Repsol Energy North America Corp., the largest shipper on Maritimes & Northeast Pipeline LLP (M&NE), filed a motion to intervene and protest with FERC last week after M&NE proposed several tariff revisions.
According to documents filed with the Federal Energy Regulatory Commission [RP16-363], Repsol takes issue with M&NE’s proposals to replace the current “first come, first serve” methodology for allocating available capacity on the pipeline with one based on net present value (NPV). Repsol also objects to M&NE requiring an open season to be held following receipt of a request for capacity with a term greater than 30 days; specifying time limits for capacity requests to commence at a future date; and expanding M&NE’s rights for reserving available capacity for a future expansion.
“Each of these proposals would unjustly and unreasonably impair and prejudice Repsol’s ability to serve the market by significantly altering Repsol’s ability to change the path of all or a portion of the capacity it currently holds under its existing long-term firm service agreement with M&NE,” Repsol said in an 18-page filing on Jan. 19.
“A path change under Repsol’s current service agreement, effectuated through primary receipt and delivery point changes, will allow Repsol to continue to reliably serve the region’s gas demand as the gas supply dynamics on the M&NE pipeline system change with the implementation of new south-to-north flow on the system. Accordingly, Repsol requests that the Commission reject these aspects of Maritimes’ proposal.”
Repsol also wants M&NE to clarify whether the proposed tariff changes would also apply to the latter’s Atlantic Bridge Project [CP16-9], and if the proposed language would give M&NE the right, but not the obligation, to hold an open season following receipt of a request for firm service of 30 days or less.
Atlantic Bridge would enable an M&NE affiliate, Algonquin Gas Transmission LLC, to provide 132,705 Dth/d of firm capacity from its receipt points at Mahwah, NJ, and Ramapo, NY, to new and existing points on the Algonquin system, including an interconnection with M&NE at Beverly, MA (see Daily GPI, Dec. 24, 2015). The project also would allow M&NE to provide 106,276 Dth/d of firm capacity from Beverly to existing delivery points on its system for project shippers. The project is expected to be in service by the second half of 2017.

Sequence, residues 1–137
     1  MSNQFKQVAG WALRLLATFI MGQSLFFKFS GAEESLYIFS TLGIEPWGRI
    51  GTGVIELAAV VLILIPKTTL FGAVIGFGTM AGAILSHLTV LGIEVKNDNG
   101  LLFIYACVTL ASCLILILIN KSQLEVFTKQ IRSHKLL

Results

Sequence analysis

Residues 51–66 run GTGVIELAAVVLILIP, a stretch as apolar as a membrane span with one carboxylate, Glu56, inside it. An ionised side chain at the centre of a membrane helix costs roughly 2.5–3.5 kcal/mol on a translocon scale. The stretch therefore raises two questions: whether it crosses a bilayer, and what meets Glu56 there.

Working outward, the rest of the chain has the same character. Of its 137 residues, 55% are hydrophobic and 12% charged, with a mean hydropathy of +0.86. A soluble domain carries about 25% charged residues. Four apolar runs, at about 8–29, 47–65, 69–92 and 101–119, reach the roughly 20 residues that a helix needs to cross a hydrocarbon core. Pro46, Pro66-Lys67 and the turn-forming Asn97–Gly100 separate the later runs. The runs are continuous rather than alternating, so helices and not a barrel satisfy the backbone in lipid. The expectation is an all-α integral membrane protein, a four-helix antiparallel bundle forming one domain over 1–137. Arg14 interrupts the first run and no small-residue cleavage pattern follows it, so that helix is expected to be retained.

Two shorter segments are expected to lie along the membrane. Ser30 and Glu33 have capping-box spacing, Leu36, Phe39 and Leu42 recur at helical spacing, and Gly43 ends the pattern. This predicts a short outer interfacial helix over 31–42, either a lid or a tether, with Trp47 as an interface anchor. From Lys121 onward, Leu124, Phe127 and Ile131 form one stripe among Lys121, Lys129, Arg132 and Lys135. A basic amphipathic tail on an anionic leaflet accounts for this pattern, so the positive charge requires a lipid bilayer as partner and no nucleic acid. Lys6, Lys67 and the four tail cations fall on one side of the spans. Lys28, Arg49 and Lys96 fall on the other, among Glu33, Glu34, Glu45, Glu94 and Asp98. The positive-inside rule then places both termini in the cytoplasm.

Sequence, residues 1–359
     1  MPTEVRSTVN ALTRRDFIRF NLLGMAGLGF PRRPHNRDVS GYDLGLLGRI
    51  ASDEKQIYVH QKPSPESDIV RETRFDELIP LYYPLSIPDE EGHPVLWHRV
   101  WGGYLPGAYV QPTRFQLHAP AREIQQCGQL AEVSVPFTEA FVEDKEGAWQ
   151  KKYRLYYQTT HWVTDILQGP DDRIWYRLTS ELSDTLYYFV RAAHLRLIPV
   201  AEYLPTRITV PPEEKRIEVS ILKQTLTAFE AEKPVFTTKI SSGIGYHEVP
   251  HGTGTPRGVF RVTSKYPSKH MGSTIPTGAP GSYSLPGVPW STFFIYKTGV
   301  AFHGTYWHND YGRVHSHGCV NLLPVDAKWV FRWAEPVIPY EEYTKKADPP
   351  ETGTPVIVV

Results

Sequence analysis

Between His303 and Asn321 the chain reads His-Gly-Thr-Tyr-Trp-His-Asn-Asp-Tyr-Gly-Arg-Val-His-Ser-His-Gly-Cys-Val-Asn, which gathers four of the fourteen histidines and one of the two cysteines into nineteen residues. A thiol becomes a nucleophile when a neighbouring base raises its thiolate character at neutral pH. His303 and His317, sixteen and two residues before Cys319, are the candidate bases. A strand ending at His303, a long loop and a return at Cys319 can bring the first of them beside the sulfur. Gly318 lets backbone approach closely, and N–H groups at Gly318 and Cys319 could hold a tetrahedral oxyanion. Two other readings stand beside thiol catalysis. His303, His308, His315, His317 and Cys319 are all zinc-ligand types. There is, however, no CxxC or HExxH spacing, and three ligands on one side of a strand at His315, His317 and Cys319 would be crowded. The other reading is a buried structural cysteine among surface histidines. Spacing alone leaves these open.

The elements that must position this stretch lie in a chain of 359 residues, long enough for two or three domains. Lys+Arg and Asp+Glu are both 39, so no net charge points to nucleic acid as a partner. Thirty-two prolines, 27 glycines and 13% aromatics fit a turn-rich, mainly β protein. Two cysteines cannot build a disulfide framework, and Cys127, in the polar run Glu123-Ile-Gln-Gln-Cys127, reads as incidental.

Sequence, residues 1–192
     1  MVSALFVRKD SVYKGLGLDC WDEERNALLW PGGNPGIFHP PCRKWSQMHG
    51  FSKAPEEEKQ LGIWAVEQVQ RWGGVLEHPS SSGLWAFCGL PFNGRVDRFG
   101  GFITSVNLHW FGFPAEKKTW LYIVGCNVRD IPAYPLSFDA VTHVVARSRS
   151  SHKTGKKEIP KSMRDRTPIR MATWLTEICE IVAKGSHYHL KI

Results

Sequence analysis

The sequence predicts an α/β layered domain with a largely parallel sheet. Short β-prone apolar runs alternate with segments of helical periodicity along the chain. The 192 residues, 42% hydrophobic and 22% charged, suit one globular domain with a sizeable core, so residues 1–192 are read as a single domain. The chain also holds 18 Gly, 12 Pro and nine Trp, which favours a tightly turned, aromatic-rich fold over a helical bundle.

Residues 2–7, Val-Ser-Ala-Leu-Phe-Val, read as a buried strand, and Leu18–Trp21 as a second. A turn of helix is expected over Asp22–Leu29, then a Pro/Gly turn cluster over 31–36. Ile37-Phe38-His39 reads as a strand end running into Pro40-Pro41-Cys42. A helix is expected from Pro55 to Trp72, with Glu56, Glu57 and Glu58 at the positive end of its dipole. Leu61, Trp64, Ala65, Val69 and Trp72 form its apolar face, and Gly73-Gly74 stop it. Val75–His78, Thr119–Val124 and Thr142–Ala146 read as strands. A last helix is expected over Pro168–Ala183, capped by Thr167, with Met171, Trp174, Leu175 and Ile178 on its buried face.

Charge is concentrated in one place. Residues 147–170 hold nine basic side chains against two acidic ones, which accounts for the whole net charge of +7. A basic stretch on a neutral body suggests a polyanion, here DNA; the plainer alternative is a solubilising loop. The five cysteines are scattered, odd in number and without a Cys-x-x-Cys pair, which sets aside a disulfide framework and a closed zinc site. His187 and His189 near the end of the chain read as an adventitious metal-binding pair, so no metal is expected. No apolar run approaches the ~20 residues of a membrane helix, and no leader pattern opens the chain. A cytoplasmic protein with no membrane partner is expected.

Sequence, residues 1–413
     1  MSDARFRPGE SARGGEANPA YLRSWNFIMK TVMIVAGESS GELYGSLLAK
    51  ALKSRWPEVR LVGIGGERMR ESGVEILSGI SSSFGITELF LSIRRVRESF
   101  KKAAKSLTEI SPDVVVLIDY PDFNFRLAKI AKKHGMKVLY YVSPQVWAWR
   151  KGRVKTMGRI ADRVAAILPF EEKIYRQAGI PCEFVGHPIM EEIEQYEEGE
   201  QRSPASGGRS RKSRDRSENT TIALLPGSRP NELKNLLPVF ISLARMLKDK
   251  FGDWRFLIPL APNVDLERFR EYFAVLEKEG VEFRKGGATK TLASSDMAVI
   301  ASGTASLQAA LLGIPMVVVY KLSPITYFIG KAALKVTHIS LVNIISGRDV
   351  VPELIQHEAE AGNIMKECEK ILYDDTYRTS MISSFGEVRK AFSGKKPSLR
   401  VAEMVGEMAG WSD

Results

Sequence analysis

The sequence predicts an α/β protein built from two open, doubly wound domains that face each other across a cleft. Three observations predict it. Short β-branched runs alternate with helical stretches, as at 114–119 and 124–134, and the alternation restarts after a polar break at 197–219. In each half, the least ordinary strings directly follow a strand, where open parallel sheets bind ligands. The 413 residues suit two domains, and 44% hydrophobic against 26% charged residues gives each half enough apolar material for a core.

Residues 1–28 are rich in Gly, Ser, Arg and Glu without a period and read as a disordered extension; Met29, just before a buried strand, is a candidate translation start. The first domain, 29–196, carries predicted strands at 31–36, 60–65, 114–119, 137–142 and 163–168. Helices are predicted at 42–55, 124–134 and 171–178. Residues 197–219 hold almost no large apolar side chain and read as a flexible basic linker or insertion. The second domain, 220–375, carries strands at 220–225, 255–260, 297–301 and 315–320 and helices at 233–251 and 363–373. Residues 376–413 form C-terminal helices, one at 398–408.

Repsol is the single largest shipper on M&NE, holding nearly all of the pipeline’s firm capacity. It is also the sole anchor shipper for M&NE’s Phase IV expansion, with 730,000 Dth/d of firm capacity until 2034, spanning the entirety of the M&NE system, which has total firm end-to-end capacity of 833,317 Dth/d.
It is not the first time Repsol has complained to FERC about Atlantic Bridge. Last December, Repsol said M&NE and Algonquin have failed to answer questions over how the project could impact M&NE’s existing shippers (see Daily GPI,Dec. 31, 2015).
“Despite the impact that the Atlantic Bridge Project will have on existing shippers, Repsol notes that M&NE has refused to affirmatively disclose how much available capacity will result from the Atlantic Bridge Project,” Repsol said in the Jan. 19 filing. “This refusal to be transparent and provide this basic information to its existing shippers inhibits [our] ability to fully assess the impacts of the Atlantic Bridge Project and plan for the capacity becoming available to it through a primary point change request.”
Repsol said its protest over M&NE’s tariff proposals should not be misinterpreted as a protest against Atlantic Bridge, adding that it “raises these points only to emphasize that M&NE’s tariff proposals will have a real impact on existing firm shippers.”
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